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All images and posts written by and copyright to Amanda Clements (nee Gray) 2009-2012 unless otherwise indicated.

Monday, February 8, 2010

The first contact

The first contact in any relationship sets the tone for the future.

Here are some examples of the types of first contact a parent may have with a school or teacher. The question is... how will each of these influence the future parent-teacher/school relationship?

The Phone Call


"Is that Mrs. Tompkins?"


"This is Silent Street Public School. There has been an incident with Sam."

Ker-thump, ker-thump, ker-thump (Mrs. Tompkins' heart beat)

"We would like you to come in and meet with Mrs. Ellison, the principal. How soon can you make it?"

"Uhm... I am at work." Mrs. Tompkins is still feeling a little stunned.

"Mrs. Tompkins, this is very important."

"What kind of incident?" Mrs. Tompkins is recovering.

"It is probably best that the Mrs. Ellison talks to you about that. Can you make it in half an hour?"

"Uhm. I suppose I could - "

"Thank you. Come to the front office. Bye, now."


The parent-teacher night

Don and Rose walk into the room where they are met by Lee's teacher, Mark. Mark greets them and they sit down together.

After some small talk about the weather, Mark begins to ask questions:

"Are there any concerns about Lee's reports? Do you have any questions about how he may be doing?"

"No, we are pretty happy with how he is going. He loves coming to school, and he is doing really well at Maths. Though he doesn't seem to be making friends very easily."

"Yes, there have been some social difficulties. He reacts aggressively and can be rather loud within the classroom. And he also has problems with literacy activities, fine and gross motor activities."


"I have been doing some reading, and I am wondering if you have considered getting Lee assessed for Aspergers or ADHD."

"Oh." Stunned silence.

"It's just that I think there is something wrong... no, I mean different... about Lee that we need to have addressed."

From there the meeting doesn't go well. Lee's father becomes silently hostile, and Lee's mother is visibly upset.

The meeting ends abruptly, with Lee's father saying, "I think we would know if there was anything wrong with Lee. He has always been unique. But that's just Lee!"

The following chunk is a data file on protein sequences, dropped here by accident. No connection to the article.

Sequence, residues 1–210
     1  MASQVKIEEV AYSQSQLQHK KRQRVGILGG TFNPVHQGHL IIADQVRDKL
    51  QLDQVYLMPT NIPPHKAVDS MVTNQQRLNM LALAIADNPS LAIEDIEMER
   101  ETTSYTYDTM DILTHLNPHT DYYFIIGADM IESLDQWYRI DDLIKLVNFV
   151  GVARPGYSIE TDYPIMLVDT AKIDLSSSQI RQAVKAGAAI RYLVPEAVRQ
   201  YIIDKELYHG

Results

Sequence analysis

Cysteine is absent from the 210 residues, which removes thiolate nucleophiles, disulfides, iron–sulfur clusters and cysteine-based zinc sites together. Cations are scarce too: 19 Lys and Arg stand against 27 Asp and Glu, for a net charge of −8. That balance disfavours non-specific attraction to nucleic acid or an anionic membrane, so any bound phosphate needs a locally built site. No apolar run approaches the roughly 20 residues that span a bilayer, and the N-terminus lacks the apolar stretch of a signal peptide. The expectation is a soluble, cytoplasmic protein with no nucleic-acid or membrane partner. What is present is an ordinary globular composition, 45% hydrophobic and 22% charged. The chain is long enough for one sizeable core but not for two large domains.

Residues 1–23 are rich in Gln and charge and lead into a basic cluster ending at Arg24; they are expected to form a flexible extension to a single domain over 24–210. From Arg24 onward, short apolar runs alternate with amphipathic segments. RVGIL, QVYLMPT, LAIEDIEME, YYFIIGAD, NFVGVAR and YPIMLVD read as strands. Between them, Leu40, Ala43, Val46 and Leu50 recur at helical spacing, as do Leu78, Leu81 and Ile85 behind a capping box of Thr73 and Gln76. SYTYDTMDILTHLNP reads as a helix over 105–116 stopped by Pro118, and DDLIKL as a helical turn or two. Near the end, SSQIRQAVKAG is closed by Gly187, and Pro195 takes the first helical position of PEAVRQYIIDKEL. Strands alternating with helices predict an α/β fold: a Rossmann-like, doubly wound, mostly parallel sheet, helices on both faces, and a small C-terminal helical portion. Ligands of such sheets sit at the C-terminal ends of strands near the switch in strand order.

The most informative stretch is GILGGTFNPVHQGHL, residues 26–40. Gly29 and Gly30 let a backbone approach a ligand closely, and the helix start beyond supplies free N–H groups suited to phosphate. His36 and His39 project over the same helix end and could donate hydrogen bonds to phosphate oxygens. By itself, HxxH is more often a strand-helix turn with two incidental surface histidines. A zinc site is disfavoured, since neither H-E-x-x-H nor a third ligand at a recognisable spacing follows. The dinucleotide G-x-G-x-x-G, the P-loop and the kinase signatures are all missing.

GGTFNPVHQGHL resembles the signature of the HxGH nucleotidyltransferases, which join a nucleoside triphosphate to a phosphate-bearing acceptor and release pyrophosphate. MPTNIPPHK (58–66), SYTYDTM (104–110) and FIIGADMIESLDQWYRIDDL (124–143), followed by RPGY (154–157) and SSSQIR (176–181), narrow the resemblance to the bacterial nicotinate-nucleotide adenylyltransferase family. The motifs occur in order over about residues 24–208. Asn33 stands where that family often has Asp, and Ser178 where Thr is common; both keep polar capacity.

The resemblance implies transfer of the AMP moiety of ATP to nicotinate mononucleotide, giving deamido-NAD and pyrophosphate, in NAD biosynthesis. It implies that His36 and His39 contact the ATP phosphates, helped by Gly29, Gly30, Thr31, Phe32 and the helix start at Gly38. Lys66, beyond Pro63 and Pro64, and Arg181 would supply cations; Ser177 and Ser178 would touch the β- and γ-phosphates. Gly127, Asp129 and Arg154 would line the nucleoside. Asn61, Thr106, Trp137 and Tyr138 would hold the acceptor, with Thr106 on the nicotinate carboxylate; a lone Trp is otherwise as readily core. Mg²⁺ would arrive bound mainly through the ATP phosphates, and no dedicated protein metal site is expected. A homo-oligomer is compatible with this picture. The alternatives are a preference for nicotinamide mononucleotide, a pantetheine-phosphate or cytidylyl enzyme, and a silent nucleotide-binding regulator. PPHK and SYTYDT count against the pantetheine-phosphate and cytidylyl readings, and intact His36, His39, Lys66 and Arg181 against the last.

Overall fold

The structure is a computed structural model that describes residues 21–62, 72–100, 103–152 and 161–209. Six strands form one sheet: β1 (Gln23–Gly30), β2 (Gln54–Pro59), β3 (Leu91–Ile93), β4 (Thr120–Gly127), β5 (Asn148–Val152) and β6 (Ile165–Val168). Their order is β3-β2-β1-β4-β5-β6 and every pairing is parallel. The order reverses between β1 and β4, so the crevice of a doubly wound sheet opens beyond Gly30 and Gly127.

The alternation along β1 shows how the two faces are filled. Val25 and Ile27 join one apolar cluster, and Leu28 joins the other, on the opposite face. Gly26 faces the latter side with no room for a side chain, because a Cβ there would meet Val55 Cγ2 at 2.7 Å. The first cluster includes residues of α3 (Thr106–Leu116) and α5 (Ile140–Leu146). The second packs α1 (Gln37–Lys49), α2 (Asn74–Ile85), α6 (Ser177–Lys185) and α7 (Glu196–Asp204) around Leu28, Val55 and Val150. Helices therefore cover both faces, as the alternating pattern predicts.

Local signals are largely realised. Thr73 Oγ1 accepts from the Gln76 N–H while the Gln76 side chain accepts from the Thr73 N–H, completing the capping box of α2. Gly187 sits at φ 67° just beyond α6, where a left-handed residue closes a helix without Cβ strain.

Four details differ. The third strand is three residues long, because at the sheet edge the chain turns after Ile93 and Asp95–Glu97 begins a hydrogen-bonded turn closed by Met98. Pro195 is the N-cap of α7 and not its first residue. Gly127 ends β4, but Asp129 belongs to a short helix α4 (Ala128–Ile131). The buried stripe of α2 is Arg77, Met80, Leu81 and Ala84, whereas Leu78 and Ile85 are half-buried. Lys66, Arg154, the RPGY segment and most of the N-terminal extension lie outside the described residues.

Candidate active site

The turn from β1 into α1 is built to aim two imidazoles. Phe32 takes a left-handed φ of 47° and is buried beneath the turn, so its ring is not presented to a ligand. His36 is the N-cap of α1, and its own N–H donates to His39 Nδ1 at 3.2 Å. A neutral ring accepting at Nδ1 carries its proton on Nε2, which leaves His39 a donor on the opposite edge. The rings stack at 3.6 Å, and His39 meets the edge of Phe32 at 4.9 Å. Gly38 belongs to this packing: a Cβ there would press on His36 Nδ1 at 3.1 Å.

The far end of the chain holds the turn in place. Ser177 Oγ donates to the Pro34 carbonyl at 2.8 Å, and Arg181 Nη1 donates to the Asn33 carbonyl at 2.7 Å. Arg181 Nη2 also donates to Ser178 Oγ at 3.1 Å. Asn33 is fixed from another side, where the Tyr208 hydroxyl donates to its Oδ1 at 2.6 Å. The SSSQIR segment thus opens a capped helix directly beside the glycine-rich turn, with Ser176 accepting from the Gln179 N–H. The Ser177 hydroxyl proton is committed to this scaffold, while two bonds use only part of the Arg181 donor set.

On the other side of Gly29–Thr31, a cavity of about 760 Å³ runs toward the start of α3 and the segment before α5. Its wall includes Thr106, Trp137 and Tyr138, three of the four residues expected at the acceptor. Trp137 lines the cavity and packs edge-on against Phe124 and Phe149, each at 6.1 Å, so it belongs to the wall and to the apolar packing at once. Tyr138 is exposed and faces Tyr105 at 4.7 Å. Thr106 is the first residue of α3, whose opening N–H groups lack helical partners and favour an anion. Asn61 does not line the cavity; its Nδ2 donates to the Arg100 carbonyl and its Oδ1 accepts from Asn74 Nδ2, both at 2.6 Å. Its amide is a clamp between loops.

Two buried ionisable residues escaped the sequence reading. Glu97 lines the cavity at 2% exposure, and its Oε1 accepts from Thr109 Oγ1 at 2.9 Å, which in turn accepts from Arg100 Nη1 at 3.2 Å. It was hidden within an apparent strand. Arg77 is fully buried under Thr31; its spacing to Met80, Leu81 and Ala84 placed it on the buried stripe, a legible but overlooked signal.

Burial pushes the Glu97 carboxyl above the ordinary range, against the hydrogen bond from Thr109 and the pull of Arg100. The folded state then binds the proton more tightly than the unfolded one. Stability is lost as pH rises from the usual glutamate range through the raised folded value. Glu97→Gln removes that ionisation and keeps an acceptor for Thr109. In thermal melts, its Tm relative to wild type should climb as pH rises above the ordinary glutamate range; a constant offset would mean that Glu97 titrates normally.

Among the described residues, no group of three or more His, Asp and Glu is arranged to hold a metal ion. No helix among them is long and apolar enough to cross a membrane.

A note

Dear Parents,
We are looking for volunteers to help in various capacities around the school. Please contact us if you can help us with any of the following:

  • Morning reading groups
  • Morning maths groups
  • Canteen duties
  • Excursion supervision
Your time would be greatly appreciated.

A classroom visit

The first time she met the person she thought was going to be Ashley's teacher was at the orientation day. It wasn't so much a meeting, as an introduction, because there were a number of other parents and they were really only there to observe and integrate their children into a classroom for some "practice".

Marianne thought was a great idea, but it was over so quickly. And while she had been able to see the teacher at work, she wished she had had more time to talk to the teacher. She wanted to know more about the type of person who was going to include Ashley in the classroom.

Only, when she dropped Ashley off for the first day of school the teacher was not the one she had met previously. After a brief, "Hello" it was time to leave Ashley in the teacher's care.


"We can have your child in our school, but we do have some concerns about how well we can support them. Have you explored all the other options? There is the special school in ..."

"We want Nat to be in an inclusive classroom. We decided that was important. And the special school is an hour's drive away, and all Nat's siblings are here at your school."

"Welllll, we'll see what we can do. We will need to talk to our Kindergarten teacher...."

A Learning Support Team meeting


"Mr. Bellick?"


"We are just ringing to let you know that there will be a planning meeting for your child at 4pm on Wednesday. Feel free to come along if you are able."

"What is a planning meeting?"

"Well, for children who have special needs we have meetings to identify what support will be needed, where we can get it and how this will be used in the classroom. Parents have a right to come to the meeting."

"Oh. OK. I will be there."

Mr. Bellick turns up on Wednesday, walking in to sit across the room from the principal, the teacher, the head teacher for welfare and the integration support teacher from the local Department of Education office.

An unexpected encounter

"Hi, Ms. Johnson. I am Miss Carter. Hello, Jay! Why don't you go and sit with Jo - just here. So how are you feeling, Ms. Johnson?"

"Oh, I'm a little nervous."

"I am sure Jay will be fine. Is there anything you are particularly worried about?"

"It's just that, well, Jay doesn't really know anyone here. And he is very shy and gets anxious if he doesn't know what is coming next."

"That's good to know. I always try to warn my class of what is coming next, and I have a picture timetable of what we are going to do in class. Is there anything he particularly likes to do? Or anything that will help if he is anxious or upset?"

"He usually needs a nice quiet space. He loves puzzles. We often get him to go do puzzles if we see he is getting anxious."

"Great. Well, we will be sure and call you if there are any problems. But I shouldn't think we will need to. And I have this little communication book where I will write a little comment about his day, and you can put any comments or questions, if I don't get to catch up with you after school."

"Thank you."


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